Successfully reported this slideshow.
We use your LinkedIn profile and activity data to personalize ads and to show you more relevant ads. You can change your ad preferences anytime.

Wikipedia for Researchers

1,106 views

Published on

Wikipedia for Researchers talk, as given at the British Library.

The first part covers Wikipedia as a resource for researchers, looking at how it works, how to judge the reliability of content, and how to use Wikipedia as a starting point to access other resources.

The second part looks at how Wikipedia is used by researchers as a subject or a corpus, and gives an overview of the kinds of research being done on Wikipedia.

Published in: Technology
  • Be the first to comment

  • Be the first to like this

Wikipedia for Researchers

  1. 1. Wikipedia for Researchers Andrew Gray – Wikipedian in Residence andrew.gray@bl.uk / @generalising
  2. 2. About Wikipedia & Wikimedia Wikimedia  Movement and charitable body  80,000 contributors in 280 languages and eleven core projects  Image repository, dictionary, news site…  …read by 7% of the world! Wikipedia  19,000,000 articles, 4,000,000 in English  6,500 articles and 235,000 edits per day (…and ten years ago, this was all fields…) 2
  3. 3. …so what is Wikipedia? …an encyclopedia …written neutrally and verifiably …using previously published information …free to use, distribute, or reuse …a collaborative community …with no firm rules 3
  4. 4. Internal processes All edits are visible through watchlists and page histories  About 7% are vandalism or malicious; processes to detect these  Median time to correction < 2 minutes… but some stay much longer Individual discussion pages for all articles – “talk” Quality review and assessment process Specialised “wikiproject” working groups and central noticeboards  eg/ content topics; style; dispute resolution; copyright; etc. 4
  5. 5. Quality of Wikipedia On average… it’s not bad  In 2005 four errors per article, versus three in Britannica  In 2011, in English, Spanish & Arabic: “…the Wikipedia articles in this sample scored higher overall than the comparison articles with respect to accuracy, references, style/ readability and overall judgment…” Millions of articles – so many are, individually, problematic  Various ways of identifying “signs” of quality  Markers for quality are both obvious and subtle Very effective “springboard” tool 5
  6. 6. Looking for quality Corner icons  - article locked down in some way  - featured or “good” quality Problem tags Article talk pages and histories Style  Badly written or formatted articles = often neglected 6
  7. 7. Accessing other content Structured categories and navigational templates “What links here” 7
  8. 8. Moving on to other content Other languages – not translations, and may have more content Mousing over footnote markers Within the references:  Links through DOIs and other identifiers  ISBNs go to a special landing page  …and then out to libraries, booksellers, etc  ISSNs go to WorldCat  If an author, look for authority control links: 8
  9. 9. Preferences Available to logged in users Two particularly useful options:  New window for external links (Gadgets > Browsing)  Quality assessment in headers (Gadgets > Appearance)  Many others - mostly editor-oriented tools 9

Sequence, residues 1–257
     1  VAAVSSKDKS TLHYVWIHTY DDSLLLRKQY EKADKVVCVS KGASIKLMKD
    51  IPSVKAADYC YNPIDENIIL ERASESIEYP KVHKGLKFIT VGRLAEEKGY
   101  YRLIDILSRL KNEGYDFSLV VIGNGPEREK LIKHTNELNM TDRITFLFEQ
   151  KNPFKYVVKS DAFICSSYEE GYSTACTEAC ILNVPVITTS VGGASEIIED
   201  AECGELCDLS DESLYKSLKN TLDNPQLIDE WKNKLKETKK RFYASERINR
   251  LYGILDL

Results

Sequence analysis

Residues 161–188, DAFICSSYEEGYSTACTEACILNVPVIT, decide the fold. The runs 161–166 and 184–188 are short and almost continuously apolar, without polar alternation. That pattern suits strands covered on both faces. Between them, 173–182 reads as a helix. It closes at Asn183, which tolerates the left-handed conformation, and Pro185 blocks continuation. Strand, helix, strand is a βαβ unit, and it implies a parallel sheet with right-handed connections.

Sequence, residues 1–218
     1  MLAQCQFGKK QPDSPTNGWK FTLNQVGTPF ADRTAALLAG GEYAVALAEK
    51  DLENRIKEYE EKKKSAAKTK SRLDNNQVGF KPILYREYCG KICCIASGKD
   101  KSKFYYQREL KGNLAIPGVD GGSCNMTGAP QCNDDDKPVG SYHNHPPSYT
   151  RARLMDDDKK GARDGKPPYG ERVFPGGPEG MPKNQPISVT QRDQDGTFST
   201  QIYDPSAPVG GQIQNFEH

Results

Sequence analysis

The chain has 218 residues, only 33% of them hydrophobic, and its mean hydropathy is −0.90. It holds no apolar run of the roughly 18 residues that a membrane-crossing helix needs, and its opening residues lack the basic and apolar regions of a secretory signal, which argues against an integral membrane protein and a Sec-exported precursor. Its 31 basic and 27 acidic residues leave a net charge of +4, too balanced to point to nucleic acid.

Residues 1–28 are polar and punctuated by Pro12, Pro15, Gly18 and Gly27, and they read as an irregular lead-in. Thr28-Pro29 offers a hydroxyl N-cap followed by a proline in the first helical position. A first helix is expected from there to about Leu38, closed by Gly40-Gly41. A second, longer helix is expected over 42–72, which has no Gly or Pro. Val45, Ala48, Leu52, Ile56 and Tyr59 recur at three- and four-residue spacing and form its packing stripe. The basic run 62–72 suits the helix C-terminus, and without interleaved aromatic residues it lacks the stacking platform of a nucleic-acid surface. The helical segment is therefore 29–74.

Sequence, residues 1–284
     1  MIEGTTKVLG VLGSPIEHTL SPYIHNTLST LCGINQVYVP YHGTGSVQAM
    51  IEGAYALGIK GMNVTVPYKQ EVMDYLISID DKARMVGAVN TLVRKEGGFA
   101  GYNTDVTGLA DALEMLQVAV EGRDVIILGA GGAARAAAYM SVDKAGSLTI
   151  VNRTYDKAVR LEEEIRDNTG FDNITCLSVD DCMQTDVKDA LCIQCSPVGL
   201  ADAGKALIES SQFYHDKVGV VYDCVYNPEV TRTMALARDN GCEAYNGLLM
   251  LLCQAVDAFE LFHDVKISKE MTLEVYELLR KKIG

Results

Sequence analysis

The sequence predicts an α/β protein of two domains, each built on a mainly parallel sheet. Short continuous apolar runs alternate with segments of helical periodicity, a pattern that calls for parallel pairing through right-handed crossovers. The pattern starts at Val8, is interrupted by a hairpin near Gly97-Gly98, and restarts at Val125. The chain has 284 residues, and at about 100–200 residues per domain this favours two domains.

10. 10. Looking for sets of material Some tools available – http://www.toolserver.org  Complex to use, but rewarding CatScan: look for intersection of categories  “all physicists born in 1912” – 51 in English, 34 in German Full dumps of all data available – http://dumps.wikipedia.org 10
  11. 11. Research about Wikipedia Thriving research around Wikipedia community & content  by mid-2011, 2100 peer-reviewed articles and 38 PhD theses  Active research committee and WMF support Regular report - http://meta.wikimedia.org/wiki/Research:Newsletter  also @wikiresearch Major themes include:  Community and content creation  Reading and researching by users  Quality of content  Technical research 11
  12. 12. Research on communities Research on the Wikipedia communities:  Dynamics of community conflict, discussions, collaboration, voting, contribution, mentoring…  Demographics, motivation and specialisms of contributors  Patterns of growth and content creation/deletion  Effect of central programs on volunteer activity  Cross-cultural interaction 12
  13. 13. Research on users Research on usage of Wikipedia:  Specific searching behaviour  Patterns of usage (yearly, daily)  Tracking external events (eg swine flu) through Wikipedia  Search engine rankings  Change in usage by students  Effect of Wikipedia publication on wider literature 13
  14. 14. Research on content Research on the content of Wikipedia:  Evolution of content  Accuracy, coverage and quality  Biases – geographic, cultural, gender  Linguistic analysis  Visualisations of content  Effect of external publications on Wikipedia 14
  15. 15. Research on technical aspects Research on the technical side of Wikipedia:  Extensive work on scaling open-content services  Tools for detecting and handling vandalism  Algorithmic detection and identification of bias, spam  Practical research on uses of wikis 15
  16. 16. Research example – visualising art history http://commons.wikimedia.org/wiki/File:Wikiarthistory.png 16
  17. 17. Research example – visualising editing patterns 17 http://commons.wikimedia.org/wiki/File:WikiTrip_egyptian_revolution_screenshot.png
  18. 18. Research example – editor activity http://commons.wikimedia.org/wiki/File:Effect_of_barnstars_on_productivity.png 18

×